Heather’s first pony was Dream Girl, a seven-year-old large pony Appendix mare. Heather spotted an ad for her in a feed store in Huntington. Owned by 16-year-old Dana Marabini, who had outgrown her, she was an immediate hit with both Heather and her trainer Terry Striker.
Dream Girl’s unfortunate but well-earned nickname was “Night-Mare” and she frequently dumped Heather with her well-timed bucks. As a result Heather learned to not just be a passenger, but a rider, and in the process the team earned top ribbons at many shows in the Children’s Hunter and Equitation divisions, including the prestigious Hampton Classic Horse Show. A friendship developed between Heather and her family and the Marabinis, a friendship that has continued to this day.
Heather then moved to her first horse, Captain Crunch, a 17 hand chocolate bay Canadian Thoroughbred. Although a sweet and beautiful lap dog horse, Crunch was afraid of everything. Because of what she had learned riding Dream Girl, Heather was able to encourage Crunch and build up his confidence in the ring, while increasing her own equestrian education.
To build up her own confidence, Ralph Caristo at Glenview Stables was contacted for a new horse for Heather. He sent them a show veteran named Sharper Image. A wonderful equitation horse, Sharpie loved his job and loved to jump. He had the attitude that all top show horses develop: “I own this ring.” Heather was able to focus on her riding techniques, and not have to focus so much on teaching the horse. Although he was not able to jump over three feet, Sharpie taught Heather well, giving her the confidence to move up to the Junior Hunters (a 3’6” division).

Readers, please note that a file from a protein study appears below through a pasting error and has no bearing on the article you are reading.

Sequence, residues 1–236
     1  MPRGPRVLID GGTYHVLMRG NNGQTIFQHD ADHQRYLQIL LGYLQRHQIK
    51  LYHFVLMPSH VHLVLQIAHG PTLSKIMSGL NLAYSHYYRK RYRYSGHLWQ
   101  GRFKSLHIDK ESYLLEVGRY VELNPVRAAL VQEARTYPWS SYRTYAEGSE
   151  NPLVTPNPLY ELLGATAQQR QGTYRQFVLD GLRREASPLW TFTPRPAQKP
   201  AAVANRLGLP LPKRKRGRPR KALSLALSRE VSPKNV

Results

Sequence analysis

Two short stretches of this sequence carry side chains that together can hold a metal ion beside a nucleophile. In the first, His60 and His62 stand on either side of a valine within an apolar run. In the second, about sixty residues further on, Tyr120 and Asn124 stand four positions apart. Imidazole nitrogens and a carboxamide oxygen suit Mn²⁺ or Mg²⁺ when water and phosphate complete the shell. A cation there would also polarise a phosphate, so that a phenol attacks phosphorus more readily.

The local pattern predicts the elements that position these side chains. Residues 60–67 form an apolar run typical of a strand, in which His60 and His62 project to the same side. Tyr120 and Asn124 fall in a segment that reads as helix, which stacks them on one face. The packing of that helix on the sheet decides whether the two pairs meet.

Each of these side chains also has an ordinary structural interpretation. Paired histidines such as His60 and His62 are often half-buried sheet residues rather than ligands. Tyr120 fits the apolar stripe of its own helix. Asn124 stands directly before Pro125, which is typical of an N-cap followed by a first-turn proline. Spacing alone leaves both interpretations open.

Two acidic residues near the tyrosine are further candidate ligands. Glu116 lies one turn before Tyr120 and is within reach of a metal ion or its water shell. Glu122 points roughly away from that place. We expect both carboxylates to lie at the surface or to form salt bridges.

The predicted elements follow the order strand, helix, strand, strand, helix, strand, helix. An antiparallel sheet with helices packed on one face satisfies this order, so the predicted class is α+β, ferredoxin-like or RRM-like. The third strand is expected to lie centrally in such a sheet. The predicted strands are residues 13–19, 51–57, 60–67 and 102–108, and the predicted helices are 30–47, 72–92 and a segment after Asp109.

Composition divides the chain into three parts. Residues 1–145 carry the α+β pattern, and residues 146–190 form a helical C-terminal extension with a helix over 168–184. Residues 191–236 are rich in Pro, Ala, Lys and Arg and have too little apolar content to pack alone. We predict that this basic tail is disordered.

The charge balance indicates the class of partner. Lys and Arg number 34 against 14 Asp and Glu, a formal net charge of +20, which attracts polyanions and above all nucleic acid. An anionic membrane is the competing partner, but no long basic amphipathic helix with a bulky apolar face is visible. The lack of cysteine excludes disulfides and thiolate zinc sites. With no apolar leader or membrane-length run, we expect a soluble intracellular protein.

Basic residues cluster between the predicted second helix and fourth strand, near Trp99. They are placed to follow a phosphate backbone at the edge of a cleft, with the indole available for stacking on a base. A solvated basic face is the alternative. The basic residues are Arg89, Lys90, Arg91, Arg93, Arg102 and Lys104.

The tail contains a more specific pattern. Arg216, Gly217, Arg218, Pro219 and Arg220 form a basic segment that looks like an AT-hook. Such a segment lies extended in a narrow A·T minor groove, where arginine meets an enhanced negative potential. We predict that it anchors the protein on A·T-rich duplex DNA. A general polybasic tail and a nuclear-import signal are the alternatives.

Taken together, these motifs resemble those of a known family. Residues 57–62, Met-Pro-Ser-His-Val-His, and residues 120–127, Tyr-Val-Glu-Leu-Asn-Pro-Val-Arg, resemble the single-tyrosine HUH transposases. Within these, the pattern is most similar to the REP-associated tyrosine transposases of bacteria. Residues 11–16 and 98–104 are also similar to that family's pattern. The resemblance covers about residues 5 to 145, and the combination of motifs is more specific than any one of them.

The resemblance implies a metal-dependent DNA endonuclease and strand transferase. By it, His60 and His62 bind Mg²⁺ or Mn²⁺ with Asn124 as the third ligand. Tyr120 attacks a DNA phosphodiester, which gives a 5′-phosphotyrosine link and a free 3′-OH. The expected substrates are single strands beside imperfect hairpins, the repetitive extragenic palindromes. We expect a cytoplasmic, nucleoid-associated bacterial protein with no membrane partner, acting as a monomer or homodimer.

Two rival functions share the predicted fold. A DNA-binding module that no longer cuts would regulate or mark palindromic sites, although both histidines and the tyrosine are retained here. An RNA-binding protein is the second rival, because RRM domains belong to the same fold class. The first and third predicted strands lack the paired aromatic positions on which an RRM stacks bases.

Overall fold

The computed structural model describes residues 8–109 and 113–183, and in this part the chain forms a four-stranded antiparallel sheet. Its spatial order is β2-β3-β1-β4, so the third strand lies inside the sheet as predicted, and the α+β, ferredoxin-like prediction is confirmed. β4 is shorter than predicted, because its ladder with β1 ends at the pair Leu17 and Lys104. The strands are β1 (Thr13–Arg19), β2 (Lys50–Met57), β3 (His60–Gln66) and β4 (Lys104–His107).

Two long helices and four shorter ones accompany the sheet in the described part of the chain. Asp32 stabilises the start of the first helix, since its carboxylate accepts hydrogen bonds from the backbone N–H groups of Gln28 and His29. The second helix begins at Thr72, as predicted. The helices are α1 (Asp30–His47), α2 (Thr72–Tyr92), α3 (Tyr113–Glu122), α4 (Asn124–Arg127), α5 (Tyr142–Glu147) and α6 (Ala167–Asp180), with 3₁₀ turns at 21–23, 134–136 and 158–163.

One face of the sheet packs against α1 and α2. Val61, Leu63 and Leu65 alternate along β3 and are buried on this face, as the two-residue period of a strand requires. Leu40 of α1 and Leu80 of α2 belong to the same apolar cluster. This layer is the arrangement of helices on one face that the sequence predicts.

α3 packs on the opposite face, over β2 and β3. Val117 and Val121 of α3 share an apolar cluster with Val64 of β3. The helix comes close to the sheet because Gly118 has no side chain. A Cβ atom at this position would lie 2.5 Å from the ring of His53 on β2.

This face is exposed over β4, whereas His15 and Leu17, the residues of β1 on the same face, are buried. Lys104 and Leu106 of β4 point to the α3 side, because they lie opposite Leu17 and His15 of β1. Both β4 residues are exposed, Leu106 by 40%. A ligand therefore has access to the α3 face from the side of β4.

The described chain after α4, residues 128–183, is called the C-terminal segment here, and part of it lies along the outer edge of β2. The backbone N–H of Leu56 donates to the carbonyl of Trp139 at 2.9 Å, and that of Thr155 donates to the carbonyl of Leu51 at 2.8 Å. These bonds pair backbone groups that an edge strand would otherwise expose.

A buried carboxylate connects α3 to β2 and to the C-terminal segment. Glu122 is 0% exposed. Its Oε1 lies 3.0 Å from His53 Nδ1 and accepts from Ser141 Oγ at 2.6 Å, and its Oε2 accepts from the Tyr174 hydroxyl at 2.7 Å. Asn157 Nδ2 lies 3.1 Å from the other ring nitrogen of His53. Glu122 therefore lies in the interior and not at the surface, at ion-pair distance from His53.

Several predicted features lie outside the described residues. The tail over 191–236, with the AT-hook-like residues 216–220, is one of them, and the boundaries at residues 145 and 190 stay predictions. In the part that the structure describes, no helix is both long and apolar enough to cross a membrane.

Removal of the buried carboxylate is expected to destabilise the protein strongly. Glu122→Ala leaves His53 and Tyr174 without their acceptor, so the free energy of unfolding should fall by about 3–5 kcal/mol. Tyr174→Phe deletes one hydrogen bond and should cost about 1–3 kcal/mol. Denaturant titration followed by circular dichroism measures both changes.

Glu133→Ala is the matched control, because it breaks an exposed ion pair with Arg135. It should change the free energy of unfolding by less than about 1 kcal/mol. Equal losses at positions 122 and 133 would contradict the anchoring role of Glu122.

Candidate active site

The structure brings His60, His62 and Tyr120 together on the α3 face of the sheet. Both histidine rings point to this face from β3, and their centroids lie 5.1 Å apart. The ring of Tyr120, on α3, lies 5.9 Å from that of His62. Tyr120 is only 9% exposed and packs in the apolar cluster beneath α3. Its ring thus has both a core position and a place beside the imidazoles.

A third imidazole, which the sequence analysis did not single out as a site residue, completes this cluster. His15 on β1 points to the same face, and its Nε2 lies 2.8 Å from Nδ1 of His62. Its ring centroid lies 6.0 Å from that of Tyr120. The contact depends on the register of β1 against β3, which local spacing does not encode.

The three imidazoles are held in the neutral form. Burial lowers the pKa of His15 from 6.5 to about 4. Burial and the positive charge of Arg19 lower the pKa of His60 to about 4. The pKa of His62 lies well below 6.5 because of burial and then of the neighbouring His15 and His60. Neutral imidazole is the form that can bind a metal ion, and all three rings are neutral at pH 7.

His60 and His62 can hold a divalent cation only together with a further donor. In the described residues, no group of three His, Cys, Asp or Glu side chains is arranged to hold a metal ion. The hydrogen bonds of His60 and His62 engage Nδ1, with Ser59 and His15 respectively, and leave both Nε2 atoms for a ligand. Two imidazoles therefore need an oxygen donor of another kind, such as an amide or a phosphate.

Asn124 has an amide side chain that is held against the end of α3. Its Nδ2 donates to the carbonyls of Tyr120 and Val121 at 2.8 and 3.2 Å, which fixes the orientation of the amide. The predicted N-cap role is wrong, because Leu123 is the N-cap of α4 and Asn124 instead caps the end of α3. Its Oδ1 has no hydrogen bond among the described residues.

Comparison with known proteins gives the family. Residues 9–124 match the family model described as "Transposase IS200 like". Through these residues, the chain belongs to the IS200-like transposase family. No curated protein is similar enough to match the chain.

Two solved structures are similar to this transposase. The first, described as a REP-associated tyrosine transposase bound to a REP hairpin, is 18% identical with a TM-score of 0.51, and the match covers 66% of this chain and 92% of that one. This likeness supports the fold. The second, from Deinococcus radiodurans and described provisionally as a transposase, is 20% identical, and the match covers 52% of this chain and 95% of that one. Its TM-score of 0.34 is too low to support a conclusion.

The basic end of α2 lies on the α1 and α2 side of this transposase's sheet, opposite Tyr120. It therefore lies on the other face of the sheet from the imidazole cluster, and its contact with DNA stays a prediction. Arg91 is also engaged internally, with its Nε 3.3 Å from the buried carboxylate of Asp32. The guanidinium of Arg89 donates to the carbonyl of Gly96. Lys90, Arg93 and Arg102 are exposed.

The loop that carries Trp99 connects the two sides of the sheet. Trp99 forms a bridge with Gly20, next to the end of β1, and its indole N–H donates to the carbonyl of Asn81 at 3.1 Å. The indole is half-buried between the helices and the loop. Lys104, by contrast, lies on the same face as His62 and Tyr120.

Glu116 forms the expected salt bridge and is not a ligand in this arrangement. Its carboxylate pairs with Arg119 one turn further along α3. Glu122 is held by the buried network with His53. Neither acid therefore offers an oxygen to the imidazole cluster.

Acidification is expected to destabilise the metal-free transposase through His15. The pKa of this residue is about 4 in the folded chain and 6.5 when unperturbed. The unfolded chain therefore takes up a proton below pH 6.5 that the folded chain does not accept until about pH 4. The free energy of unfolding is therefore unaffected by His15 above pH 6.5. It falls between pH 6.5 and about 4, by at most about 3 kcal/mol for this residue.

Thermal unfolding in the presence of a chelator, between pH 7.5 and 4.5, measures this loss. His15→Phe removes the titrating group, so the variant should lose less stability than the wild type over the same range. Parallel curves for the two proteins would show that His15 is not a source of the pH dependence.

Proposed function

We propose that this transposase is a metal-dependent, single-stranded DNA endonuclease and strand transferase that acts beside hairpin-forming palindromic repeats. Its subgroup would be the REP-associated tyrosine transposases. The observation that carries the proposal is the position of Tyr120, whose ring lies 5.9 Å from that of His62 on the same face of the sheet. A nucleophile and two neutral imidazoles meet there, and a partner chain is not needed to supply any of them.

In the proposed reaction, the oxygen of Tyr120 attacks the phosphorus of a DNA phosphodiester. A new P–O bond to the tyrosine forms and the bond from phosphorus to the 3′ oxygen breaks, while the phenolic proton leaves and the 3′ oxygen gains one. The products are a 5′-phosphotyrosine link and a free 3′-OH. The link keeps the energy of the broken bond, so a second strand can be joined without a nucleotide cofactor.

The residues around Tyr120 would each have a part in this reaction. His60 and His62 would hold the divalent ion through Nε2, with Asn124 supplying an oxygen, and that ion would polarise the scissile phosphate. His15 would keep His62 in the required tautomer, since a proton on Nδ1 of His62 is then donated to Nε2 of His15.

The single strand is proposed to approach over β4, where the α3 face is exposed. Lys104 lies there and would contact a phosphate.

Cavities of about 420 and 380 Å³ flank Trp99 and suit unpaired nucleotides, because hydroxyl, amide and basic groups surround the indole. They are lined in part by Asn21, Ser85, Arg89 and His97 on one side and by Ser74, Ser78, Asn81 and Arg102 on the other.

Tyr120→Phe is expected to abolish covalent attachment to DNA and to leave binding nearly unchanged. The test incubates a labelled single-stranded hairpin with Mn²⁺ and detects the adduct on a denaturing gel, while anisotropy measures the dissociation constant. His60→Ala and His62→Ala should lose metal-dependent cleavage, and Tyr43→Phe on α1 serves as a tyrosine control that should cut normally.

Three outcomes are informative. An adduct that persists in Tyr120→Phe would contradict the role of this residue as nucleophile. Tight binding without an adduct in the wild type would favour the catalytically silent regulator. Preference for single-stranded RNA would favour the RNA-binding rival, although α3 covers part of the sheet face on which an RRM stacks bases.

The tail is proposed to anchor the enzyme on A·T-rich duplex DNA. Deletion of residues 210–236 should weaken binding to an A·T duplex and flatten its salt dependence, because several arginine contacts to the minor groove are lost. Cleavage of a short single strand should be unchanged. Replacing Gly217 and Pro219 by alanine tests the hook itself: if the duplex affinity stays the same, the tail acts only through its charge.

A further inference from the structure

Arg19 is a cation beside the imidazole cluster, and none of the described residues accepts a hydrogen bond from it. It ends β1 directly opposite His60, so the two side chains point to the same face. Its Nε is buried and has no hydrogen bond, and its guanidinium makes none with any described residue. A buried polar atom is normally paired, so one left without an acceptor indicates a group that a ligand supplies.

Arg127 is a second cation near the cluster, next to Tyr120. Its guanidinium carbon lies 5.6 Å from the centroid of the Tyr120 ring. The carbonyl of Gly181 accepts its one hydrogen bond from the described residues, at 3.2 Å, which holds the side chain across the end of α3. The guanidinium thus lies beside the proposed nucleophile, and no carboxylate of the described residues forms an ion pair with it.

Patricia, who had always loved horses, began riding Sharpie herself. The family moved their horses to Glenview and purchased Cooper, a warmblood junior hunter and a “wow” mover and jumper. Soon Heather and Cooper were showing in elite shows such as Wellington and Lake Placid. Starting at the very beginning, with no knowledge of, or experience with, horses, Heather had earned her way to the pinnacle of the horse show world in her division.
Keepsake, a seven-year-old Quarter horse, was added to the junior hunter team. Although not a great mover (his movement was akin to the action of a sewing machine), he proved an incredible show horse and quickly changed the minds of those who thought Quarter Horses did not belong in the hunter ring.
Patricia recalls hearing onlookers outside the show ring refer to him as “that cow horse.” But once he was on course, their jaws would drop in amazement at his dazzling technique over fences.
Throughout all of Heather’s years in high school as a teenager, Patricia says, “I never had to worry about where she was. She was at the barn.”
Cooper has long since retired, and Heather is now in her 30’s. She continues to ride, leasing a warmblood on Long Island, and getting up at 6 a.m. to commute out to East Norwich, and then return to Manhattan for a full day’s work.
Horses have been her constant passion, her means of dealing with the devastating loss of her father, and a continual thread of learning, connection and joy in her life. Her friends she has made in the horse show world have remained friends throughout her life. Her love of horses is a love that never dies.
Heather called her mother a few months ago out of the blue. She said, “I wanted to thank you. Your decision to send me to Thomases changed my life and introduced me to the people who are great friends of mine to this day, and a life long love of horses.
How did you know?”